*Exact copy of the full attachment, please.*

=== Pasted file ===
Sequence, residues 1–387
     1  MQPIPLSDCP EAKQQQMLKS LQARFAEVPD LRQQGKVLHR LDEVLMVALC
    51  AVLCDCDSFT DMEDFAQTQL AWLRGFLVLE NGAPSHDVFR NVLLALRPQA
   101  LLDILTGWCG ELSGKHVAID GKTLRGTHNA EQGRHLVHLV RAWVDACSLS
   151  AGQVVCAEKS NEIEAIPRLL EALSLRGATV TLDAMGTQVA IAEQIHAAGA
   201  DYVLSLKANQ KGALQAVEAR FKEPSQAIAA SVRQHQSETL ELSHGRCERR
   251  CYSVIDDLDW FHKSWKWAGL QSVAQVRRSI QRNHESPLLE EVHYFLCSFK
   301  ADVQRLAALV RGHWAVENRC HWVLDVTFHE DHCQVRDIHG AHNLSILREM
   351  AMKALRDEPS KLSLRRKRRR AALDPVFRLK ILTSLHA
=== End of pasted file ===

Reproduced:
Sequence, residues 1–387
     1  MQPIPLSDCP EAKQQQMLKS LQARFAEVPD LRQQGKVLHR LDEVLMVALC
    51  AVLCDCDSFT DMEDFAQTQL AWLRGFLVLE NGAPSHDVFR NVLLALRPQA
   101  LLDILTGWCG ELSGKHVAID GKTLRGTHNA EQGRHLVHLV RAWVDACSLS
   151  AGQVVCAEKS NEIEAIPRLL EALSLRGATV TLDAMGTQVA IAEQIHAAGA
   201  DYVLSLKANQ KGALQAVEAR FKEPSQAIAA SVRQHQSETL ELSHGRCERR
   251  CYSVIDDLDW FHKSWKWAGL QSVAQVRRSI QRNHESPLLE EVHYFLCSFK
   301  ADVQRLAALV RGHWAVENRC HWVLDVTFHE DHCQVRDIHG AHNLSILREM
   351  AMKALRDEPS KLSLRRKRRR AALDPVFRLK ILTSLHA